Filipino art exhibit shut amid protest

A Manila art exhibit blasted as offensive to Catholic Filipinos has been shuttered, following complaints from President Benigno Aquino III and death threats to artists and cultural officials.

The Kulo group exhibit at the state-funded Cultural Center of the Philippines opened in Manila in June. However, the show began receiving complaints after recent coverage by media outlets in the predominantly Catholic nation.

Originally slated to close Aug. 21, Kulo was shut down Tuesday.

Specifically, complaints focus on work by contemporary artist Mideo Cruz that mixes Catholic icons with pop culture and sexual imagery and paraphernalia.

Several pieces in Cruz’s installation Poleteismo have been singled out, including a wooden cross with a phallus attached and a statue of Jesus festooned with a clown nose and ears reminiscent of Mickey Mouse — artwork he defends as thought-provoking commentary about idolatry and worship in contemporary times. The installation has been displayed in different forms since 2002.

Mideo Cruz’s controversial installation, including this statue of Jesus Christ festooned with Mickey Mouse-style ears and a clown nose, melds religious icons with pop culture and sexual symbols. Erik de Castro/Reuters

Still, “there are [freedom of expression] rights, but if those rights hurt the rights of others, there is something wrong and that is not covered by the law,” President Aquino told reporters on Tuesday.

“I reminded [the centre] that there is no freedom that is absolute.”

The centre had previously rejected calls for the show — which highlights multiple artists — to close. Nevertheless, criticism of the exhibit has intensified in recent weeks.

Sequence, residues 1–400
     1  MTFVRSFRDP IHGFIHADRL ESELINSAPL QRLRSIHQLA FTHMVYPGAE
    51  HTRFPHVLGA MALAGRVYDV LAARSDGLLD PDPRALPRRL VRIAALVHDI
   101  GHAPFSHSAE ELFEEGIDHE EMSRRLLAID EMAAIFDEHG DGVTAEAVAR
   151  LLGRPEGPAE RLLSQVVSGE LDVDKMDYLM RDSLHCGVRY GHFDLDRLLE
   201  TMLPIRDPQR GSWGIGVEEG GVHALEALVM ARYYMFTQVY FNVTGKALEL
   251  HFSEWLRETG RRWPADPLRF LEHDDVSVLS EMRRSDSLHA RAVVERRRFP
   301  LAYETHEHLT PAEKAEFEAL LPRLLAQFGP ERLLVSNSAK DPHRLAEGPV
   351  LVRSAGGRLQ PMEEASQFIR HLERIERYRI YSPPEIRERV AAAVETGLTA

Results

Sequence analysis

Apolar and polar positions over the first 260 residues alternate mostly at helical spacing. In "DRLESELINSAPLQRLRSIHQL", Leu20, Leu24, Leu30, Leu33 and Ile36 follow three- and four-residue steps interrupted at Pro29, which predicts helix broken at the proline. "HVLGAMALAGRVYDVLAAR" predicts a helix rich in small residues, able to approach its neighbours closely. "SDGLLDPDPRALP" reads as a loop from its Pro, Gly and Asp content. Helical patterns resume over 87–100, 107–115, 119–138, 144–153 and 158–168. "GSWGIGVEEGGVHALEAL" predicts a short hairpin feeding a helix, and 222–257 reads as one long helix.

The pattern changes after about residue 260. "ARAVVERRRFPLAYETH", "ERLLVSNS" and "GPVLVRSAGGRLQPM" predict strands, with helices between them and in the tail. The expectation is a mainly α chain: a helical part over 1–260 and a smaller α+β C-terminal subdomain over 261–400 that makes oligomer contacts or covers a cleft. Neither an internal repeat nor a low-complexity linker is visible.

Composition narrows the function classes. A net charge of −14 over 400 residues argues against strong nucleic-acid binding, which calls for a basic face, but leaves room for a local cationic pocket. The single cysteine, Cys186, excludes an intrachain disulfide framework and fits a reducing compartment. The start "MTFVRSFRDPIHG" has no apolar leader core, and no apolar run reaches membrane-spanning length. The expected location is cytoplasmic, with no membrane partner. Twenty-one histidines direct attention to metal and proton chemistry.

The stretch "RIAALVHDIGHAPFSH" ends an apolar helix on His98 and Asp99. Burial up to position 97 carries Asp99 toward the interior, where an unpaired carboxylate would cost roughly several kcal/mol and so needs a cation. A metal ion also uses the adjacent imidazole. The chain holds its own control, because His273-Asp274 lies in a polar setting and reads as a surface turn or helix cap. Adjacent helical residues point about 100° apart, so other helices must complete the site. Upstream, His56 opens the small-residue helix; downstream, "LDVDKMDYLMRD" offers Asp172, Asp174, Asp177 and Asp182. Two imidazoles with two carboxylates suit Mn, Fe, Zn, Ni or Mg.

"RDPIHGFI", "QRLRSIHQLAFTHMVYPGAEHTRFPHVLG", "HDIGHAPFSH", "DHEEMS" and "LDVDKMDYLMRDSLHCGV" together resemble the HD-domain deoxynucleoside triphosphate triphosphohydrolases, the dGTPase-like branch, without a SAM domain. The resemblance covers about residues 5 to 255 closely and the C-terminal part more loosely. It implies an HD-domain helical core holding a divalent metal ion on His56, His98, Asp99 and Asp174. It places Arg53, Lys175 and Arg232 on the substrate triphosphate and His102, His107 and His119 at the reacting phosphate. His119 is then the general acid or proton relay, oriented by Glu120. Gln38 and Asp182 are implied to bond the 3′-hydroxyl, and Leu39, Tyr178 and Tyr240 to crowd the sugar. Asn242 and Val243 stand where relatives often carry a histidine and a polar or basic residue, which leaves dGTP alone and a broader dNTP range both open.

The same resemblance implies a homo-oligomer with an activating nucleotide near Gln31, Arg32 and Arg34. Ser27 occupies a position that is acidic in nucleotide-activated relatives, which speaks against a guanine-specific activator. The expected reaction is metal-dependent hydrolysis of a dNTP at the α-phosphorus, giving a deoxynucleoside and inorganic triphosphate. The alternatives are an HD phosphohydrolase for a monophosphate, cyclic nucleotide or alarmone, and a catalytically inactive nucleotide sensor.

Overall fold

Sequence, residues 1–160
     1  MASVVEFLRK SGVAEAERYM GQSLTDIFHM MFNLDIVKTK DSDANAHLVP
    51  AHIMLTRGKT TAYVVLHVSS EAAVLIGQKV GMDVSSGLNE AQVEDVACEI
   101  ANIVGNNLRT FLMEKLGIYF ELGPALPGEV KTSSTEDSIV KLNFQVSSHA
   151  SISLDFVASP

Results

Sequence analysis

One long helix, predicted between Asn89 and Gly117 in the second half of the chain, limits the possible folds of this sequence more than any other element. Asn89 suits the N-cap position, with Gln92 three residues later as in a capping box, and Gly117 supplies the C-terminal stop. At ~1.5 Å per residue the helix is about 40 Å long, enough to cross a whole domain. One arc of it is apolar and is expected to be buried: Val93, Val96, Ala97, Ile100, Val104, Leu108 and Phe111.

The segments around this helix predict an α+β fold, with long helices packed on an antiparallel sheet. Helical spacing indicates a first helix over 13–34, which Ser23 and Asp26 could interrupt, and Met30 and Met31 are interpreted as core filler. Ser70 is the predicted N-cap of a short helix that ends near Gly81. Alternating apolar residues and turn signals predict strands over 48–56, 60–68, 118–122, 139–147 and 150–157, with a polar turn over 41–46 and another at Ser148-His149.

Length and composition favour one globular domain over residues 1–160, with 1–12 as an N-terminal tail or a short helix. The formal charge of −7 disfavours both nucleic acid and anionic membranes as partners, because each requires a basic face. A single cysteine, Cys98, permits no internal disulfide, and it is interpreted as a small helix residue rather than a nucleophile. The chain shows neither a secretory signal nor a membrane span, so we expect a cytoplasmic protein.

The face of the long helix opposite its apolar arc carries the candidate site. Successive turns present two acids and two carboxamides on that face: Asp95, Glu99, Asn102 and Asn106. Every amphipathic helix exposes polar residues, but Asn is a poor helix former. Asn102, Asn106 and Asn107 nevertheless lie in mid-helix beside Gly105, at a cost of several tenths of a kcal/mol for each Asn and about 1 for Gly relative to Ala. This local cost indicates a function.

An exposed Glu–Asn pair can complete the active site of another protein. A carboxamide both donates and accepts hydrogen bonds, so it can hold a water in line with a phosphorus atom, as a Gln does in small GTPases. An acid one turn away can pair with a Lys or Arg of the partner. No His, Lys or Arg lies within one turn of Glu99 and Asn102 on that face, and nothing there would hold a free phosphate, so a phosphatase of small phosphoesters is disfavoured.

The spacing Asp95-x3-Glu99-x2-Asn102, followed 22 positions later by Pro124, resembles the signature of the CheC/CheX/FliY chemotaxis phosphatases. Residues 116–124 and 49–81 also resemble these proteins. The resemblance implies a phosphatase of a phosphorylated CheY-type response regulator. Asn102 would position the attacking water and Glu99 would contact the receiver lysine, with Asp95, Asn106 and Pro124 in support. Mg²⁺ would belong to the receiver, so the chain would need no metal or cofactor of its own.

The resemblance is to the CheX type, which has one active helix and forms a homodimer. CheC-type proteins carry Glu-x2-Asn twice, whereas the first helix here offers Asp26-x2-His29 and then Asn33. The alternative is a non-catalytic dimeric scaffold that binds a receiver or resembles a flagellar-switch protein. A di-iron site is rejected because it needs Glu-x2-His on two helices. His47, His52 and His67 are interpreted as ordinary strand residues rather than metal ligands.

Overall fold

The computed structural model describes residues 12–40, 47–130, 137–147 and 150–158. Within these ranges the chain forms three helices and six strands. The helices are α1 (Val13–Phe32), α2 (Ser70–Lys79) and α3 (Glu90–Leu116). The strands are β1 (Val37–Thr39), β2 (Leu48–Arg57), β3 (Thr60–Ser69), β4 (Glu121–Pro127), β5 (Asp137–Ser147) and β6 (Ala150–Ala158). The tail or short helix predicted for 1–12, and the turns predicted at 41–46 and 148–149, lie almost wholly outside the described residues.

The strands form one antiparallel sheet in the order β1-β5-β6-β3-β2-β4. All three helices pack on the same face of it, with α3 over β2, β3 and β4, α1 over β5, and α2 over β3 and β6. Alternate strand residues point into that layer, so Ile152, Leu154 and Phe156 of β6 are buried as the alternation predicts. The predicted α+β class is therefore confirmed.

On Aug. 4, a pair vandalized the exhibit and attempted to set it on fire. The centre’s board of directors and artists featured in the show have received death threats and hate mail.

A Catholic legal body has also vowed to file charges against the artists and the cultural centre under legislation against “immoral doctrines, obscene publications and indecent shows,” while also lobbying the government to suspend or fire those responsible for the exhibit.

On Monday, Congresswoman Imelda Marcos, the widow of former dictator Ferdinand Marcos, visited the centre and was visibly outraged, calling the display “a shameful exhibit.”

Wider implications

Cruz, the artist at the centre of the storm, condemned the closure in an interview, saying that the situation would become a “freedom of expression issue” that has wider implications for artists as well as officials running state-financed institutions.

Noted Filipino writer and cultural leader Bien Lumbera, distinguished in 2006 as a National Artist of the Philippines, also expressed his disappointment, calling the exhibit’s cancellation “an unfortunate move” by the cultural centre.

“That leaves [it] open to pressure anytime something, an art object being displayed, raises the ire of certain sectors,” Lumbera told ABS-CBN News.

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